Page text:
## Thursday, November 13, 2014

### Variables and How To Use 'em

We've touched upon variables here and there in the previous few posts, and it occurred to me that I should probably clarify their purpose and use.

Programs would be remarkably useless if all you could do was hard code actual values into them.  So what we do is use symbolic representations of numbers, characters, words, etc.  This is similar to algebra, in that we often use 'x', 'y' and other such letters to represent numbers.  They act like placeholders.  Maybe it's better to think of a variable as a shoe box.  You can keep something in the box, and put a label on the box, too.

Let's start off with some very basic examples:

int one = 1;

No, you probably won't use 'one' as a variable name very often, but it's valid Java to do so.  We've created a label called "one" and assigned it the numeric value 1 in one fell swoop (or swell foop, if you prefer).  So we have a shoe box, with a label on it that says "one", and that has the number 1 inside of it.

Now here's why 'one' is a bad variable name:

one = one + 1;

Now one is equal to 2, and we've got the beginning of a comedy routine.

We can perform all kinds of basic math operations on integer variables this same way.

Multiplication:
one = one * 2;

Division:
one = one / 2;

Subtraction:
one = one - 1;

Assuming that all five lines of code above were run in a program, what would one now equal?

Well, it started out as 1, then we added 1 so it became 2.  Then we multiplied by 2 to get 4, divided by 2 to get 2, and then subtracted 1 to get back to 1.

Following chained sequences of events is an important skill for the programmer.  You need to be able to understand what each line of code will do to each variable and keep track of these things as you essentially simulate the program's run in your mind.  This can get very involved, and there's no shame in writing down the state of each variable after each step in a table format.

Of course, 'int' is just one data type, and a limited one at that.  It can't represent decimals easily for instance, and it's fairly hopeless at representing a word processing document.  But it's a start.  I don't intend to provide a complete reference to all data types here, but some basic examples include:

int - Represents an integer (whole number). Examples include 5, 18 and 42
double - Represents a double precision decimal number.  5.1842 could be a double
boolean - Represents a true or false value, which is really useful for conditionals and loops.  Must be either true or false

All of these types share the distinction that they are actual basic data types (atomic types), not objects.  There are objects in the Java library which can be used (fairly interchangeably) in their places.  The equivalent object representations for int, double and boolean are Integer, Double and Boolean.  We'll discuss those in another post, but for now I just want to point out that as a general rule (and you should follow it) object types will begin with an upper case letter, and that will help you to know what you're dealing with.  Of course, over time you'll get very used to the limited menu of atomic types and recognize them quickly.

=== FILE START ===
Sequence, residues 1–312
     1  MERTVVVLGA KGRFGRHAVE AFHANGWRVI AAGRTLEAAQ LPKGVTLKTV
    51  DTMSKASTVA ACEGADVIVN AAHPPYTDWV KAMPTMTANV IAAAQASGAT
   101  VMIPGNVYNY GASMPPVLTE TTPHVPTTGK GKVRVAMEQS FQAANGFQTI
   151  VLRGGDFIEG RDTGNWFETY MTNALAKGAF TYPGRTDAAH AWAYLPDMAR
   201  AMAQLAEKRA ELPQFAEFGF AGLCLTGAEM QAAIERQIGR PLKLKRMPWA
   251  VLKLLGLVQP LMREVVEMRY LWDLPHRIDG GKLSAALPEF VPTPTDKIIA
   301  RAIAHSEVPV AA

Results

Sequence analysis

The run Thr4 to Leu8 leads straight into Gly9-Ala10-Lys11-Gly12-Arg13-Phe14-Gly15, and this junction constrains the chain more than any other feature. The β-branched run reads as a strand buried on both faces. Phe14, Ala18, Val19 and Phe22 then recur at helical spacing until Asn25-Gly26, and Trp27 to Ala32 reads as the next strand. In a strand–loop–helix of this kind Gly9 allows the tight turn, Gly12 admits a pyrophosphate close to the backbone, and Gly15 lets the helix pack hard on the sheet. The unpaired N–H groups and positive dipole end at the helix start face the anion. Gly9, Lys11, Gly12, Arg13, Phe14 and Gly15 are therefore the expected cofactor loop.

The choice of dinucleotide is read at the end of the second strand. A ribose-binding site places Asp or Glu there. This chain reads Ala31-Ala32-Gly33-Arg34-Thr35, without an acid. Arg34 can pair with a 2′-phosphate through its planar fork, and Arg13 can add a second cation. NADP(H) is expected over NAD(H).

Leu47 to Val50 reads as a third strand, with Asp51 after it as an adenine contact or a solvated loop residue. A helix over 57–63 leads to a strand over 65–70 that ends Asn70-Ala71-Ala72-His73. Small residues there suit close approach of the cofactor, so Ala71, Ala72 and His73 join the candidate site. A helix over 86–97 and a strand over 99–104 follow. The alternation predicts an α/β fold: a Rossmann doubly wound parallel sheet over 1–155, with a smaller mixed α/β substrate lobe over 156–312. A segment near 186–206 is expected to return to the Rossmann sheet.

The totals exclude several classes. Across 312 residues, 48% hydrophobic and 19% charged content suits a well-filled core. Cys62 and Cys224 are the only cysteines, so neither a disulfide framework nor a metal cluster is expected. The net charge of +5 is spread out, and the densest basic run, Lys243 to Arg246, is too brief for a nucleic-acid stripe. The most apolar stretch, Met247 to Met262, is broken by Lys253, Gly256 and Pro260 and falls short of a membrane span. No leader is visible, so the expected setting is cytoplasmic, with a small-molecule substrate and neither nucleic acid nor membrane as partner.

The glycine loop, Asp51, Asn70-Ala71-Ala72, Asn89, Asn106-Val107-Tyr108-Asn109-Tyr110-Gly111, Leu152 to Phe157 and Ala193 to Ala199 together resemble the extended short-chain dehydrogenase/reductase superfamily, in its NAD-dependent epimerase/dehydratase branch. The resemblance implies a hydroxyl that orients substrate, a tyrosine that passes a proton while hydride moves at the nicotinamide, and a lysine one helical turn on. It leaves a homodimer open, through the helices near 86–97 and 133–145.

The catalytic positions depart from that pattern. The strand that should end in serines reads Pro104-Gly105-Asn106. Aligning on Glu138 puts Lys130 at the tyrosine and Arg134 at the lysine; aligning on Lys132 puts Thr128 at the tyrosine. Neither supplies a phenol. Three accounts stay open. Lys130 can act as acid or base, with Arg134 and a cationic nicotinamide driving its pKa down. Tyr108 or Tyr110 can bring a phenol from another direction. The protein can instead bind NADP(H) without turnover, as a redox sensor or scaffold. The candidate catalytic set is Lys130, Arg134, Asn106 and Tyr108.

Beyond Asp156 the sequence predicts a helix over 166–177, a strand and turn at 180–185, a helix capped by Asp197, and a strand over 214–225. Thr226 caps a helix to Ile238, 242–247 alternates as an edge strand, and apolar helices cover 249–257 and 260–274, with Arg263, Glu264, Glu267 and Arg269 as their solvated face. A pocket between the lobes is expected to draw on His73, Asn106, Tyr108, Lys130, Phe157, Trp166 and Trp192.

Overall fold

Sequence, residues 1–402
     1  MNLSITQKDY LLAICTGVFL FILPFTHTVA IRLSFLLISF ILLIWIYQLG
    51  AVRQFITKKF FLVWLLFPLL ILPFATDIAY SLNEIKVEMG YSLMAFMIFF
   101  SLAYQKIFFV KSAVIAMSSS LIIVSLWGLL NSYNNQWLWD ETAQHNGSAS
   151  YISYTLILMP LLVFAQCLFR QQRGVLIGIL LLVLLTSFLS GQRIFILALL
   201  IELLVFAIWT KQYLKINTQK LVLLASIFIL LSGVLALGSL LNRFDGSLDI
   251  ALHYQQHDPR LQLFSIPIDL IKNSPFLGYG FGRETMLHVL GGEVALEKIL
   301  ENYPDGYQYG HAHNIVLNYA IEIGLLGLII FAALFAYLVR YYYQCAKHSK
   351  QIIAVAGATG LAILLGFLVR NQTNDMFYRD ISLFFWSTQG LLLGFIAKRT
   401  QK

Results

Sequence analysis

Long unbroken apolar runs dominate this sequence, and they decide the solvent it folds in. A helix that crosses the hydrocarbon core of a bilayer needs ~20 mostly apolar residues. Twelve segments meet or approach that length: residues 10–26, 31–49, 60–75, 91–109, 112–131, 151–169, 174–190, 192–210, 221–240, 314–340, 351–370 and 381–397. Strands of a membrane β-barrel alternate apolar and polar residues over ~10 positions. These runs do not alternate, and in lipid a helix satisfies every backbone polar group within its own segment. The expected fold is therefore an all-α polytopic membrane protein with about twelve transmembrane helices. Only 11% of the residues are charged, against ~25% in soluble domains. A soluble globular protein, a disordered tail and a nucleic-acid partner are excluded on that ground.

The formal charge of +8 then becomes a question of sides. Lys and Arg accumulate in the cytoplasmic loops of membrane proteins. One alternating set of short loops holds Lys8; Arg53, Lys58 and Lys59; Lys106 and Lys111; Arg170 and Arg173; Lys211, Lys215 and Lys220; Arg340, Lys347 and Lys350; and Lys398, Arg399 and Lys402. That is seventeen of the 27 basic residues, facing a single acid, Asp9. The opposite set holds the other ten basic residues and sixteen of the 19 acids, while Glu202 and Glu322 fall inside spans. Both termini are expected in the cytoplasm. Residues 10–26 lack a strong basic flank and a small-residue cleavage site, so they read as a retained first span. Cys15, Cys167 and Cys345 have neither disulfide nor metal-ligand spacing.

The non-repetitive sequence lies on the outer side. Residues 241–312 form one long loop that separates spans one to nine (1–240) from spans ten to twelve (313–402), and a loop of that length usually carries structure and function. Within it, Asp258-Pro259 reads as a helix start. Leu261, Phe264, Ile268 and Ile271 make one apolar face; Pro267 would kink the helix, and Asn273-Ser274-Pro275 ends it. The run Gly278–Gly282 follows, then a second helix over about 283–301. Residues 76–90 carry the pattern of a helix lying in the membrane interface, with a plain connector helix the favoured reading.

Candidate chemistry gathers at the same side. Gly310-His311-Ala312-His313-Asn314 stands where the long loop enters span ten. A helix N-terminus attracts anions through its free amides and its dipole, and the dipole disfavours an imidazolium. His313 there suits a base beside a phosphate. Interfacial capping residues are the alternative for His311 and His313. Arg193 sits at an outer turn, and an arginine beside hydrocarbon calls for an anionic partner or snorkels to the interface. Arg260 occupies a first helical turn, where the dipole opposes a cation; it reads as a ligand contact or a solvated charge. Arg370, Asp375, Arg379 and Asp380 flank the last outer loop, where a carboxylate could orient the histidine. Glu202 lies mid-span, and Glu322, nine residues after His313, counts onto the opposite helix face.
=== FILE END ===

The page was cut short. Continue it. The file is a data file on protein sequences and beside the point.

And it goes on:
There are many mathematical operations one can perform with these data types, some to change them, some to test them.  We addressed some basic arithmetic operators above.

Sometimes you need to test variables for their values.  You can determine equality, or which number is greater by using comparison operators.  The first comparison operator you probably want to know about is equality.  We use a double equal sign for this (==).  This must not be confused with the assignment operator (=)!  Many logical errors in programs have cropped up from confusing these two, and they can sometimes be hard to find.  When quickly scanning through a couple of pages of code, the difference between:

if (n = 5)

and

if (n == 5)

can be hard to spot.  A trick that works surprisingly well for some developers is turning this around.  Basically, "if (5 == n)" is precisely equivalent to "if (n == 5)", but writing "if (5 = n)" is an error the compiler can catch because you cant assign a variable to a constant, only the other way around.  This is sometimes referred to as Yoda style or Yoda syntax.  Interesting is it not?

Technically, these comparison operators wind up evaluating to boolean values.  So it's perfectly OK to do something like this:

boolean nEquals5 = (5 == n);

We will go into booleans in more depth at another time, but for now I just want to point out that you can combine booleans with AND, OR and NOT operators (&&, ||, !) to evaluate more complex questions.

Hopefully, that's enough to keep you from getting too confused as we get into some examples going forward.  If you have questions, please feel free to post them, and I'll try to answer as quickly as I can.  The areas where people have difficulty are where I want to concentrate.

View code here